Garment workers employed at ethical brands are paid a living wage, have safe working conditions and are treated fairly. On the other hand, fast fashion workers face gender discrimination through mandatory pregnancy tests, abuse and sexual harassment. Fashion as a feminist movement has the power to address the main human rights abuse in the industry — the non-payment of a living wage.

Female empowerment is a catalyst for prosperity. The United Nations reports that investing in the education of girls and women helps global transformation. It contributes to economic growth, reduces poverty through increased productivity and improves health outcomes. Studies have shown that providing basic education to girls until adulthood enables them to better manage their family size, provide better care to their family and send their children to school.

However, poverty is an important factor in whether girls and women obtain an education. Without a living wage, poverty-stricken workers cannot afford to send their children to school and the cycle of poverty continues. Education has the power to help improve the lives of women and reduce maternal and child mortality rates. Therefore, education for girls fosters the development and empowerment of women.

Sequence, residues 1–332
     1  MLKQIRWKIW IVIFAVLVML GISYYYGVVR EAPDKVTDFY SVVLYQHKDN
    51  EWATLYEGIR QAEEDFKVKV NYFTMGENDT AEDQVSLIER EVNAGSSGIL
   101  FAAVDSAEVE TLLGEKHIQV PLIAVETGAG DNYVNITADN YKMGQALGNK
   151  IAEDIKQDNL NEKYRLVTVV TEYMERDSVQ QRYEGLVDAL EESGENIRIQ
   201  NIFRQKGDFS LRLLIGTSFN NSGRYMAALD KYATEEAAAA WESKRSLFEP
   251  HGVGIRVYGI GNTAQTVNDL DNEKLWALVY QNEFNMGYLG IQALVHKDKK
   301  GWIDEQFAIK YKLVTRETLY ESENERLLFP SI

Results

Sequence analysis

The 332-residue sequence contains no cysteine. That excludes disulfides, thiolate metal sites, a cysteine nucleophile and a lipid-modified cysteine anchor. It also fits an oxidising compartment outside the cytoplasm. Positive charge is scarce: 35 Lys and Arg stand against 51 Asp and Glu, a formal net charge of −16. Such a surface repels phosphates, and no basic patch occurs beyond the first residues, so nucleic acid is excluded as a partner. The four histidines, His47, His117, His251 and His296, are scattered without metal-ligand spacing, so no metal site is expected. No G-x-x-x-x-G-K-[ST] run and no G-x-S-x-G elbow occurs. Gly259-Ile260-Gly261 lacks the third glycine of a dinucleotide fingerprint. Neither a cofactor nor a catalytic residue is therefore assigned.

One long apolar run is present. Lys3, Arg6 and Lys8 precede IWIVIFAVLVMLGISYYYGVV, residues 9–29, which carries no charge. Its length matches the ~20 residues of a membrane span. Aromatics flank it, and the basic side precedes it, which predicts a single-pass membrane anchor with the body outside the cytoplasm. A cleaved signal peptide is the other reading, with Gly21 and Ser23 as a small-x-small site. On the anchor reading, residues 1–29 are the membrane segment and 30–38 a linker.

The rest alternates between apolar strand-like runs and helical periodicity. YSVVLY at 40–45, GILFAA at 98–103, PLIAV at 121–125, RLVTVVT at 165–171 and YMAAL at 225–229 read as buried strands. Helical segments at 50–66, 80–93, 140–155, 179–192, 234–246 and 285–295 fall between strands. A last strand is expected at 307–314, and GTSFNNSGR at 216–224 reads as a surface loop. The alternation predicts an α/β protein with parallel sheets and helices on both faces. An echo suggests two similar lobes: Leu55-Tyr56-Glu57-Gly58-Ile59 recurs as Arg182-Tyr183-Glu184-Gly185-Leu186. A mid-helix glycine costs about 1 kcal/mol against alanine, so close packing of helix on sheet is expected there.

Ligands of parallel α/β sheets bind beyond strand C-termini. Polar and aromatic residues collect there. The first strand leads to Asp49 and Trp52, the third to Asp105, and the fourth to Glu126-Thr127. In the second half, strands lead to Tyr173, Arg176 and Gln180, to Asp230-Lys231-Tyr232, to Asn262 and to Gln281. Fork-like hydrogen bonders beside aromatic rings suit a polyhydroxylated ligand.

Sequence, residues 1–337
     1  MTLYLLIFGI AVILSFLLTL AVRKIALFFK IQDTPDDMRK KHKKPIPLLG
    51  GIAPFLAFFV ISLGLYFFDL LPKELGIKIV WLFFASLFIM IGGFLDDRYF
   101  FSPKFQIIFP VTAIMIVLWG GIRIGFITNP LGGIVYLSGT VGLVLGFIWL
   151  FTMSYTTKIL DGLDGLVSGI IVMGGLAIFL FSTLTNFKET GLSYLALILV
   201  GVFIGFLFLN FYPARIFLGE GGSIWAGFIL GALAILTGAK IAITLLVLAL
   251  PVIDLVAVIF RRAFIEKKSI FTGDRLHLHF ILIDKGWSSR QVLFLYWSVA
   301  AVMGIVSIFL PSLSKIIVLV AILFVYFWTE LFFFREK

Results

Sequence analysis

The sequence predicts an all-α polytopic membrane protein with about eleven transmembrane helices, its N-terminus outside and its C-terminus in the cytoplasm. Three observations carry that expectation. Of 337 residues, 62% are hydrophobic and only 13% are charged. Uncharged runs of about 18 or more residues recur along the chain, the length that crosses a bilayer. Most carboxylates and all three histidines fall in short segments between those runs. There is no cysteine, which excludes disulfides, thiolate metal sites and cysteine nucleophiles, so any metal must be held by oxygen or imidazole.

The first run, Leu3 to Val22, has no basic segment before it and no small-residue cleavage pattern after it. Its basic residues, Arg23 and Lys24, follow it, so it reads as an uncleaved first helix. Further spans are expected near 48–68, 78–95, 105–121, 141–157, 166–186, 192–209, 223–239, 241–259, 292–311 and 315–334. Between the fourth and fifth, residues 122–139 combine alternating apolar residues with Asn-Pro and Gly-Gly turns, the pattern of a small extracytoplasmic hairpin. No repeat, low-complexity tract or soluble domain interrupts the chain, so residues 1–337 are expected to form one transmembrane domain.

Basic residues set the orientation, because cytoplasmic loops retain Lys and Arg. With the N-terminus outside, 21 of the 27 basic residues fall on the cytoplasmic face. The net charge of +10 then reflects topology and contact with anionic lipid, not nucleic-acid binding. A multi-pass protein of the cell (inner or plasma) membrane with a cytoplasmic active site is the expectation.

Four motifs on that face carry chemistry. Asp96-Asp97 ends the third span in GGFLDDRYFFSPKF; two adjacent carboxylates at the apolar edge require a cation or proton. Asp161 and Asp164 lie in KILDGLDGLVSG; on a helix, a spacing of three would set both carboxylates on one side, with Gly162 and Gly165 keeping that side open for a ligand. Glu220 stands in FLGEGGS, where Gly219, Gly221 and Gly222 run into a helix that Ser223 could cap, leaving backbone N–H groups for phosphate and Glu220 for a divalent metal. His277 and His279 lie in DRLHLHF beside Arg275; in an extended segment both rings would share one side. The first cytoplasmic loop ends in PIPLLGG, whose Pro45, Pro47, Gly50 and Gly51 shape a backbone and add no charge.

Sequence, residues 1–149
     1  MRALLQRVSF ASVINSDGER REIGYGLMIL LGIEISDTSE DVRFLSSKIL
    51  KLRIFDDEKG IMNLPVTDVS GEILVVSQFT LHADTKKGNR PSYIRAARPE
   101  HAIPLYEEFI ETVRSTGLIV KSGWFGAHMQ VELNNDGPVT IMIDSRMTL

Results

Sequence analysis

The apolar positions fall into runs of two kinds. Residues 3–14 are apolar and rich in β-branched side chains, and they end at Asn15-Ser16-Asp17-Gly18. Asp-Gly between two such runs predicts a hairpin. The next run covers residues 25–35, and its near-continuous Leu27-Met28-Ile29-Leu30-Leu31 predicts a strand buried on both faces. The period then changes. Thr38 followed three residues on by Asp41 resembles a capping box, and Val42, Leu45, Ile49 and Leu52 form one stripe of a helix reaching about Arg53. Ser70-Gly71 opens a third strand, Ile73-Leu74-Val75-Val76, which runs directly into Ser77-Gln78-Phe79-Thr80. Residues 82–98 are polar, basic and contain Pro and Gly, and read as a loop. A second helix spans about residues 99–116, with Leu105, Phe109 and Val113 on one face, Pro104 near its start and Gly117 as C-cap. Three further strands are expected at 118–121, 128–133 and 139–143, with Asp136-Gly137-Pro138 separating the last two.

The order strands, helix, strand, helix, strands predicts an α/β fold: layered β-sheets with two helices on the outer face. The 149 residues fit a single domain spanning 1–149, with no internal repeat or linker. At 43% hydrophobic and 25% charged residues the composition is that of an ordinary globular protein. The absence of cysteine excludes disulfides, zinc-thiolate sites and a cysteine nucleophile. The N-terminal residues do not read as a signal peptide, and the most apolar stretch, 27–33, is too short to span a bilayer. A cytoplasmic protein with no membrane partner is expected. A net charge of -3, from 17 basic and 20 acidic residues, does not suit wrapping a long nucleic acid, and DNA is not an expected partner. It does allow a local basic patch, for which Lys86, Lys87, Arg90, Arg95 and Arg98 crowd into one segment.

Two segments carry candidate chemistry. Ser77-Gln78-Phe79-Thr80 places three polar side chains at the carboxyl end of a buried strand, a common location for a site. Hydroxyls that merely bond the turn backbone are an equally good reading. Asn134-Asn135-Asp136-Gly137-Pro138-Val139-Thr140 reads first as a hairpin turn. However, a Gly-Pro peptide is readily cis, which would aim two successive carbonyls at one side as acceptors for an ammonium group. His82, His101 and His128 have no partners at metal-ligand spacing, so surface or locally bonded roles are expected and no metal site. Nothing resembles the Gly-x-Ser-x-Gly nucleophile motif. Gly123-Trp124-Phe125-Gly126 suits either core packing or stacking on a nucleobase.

Moving Forward

Poverty in the fashion industry is a feminist issue. Brands that invest in the talented and skilled female workforce acknowledge that living wages empower women and their local communities. Garment workers need to be placed at the forefront of the industry to negotiate better pay and working conditions. Being in leadership roles ensures that fashion as a feminist movement represents the most vulnerable around the world. The fashion industry and consumers have the power to help end global poverty, improve access to education and empower women through conscious consumerism.

Giselle Magana
Photo: Flickr

Fair Fashion in India
Women employed in formal and informal work settings fuel India’s fashion sector to meet the global demand for fast fashion. India’s garment industry is the second biggest exporter and manufacturer after China. By 2021, projections determined that the textile market will reach $223 billion. Predictions have stated that the domestic market will reach $59.3 billion in 2022 and the global market will reach $1.3 trillion by 2025. Despite the booming economy, Indian garment workers face exploitation, poverty wages and unsafe working conditions while working for fast fashion brands. Fair fashion in India presents a solution for workers to receive a living wage, to be empowered and to thrive during a global pandemic.

Fast Fashion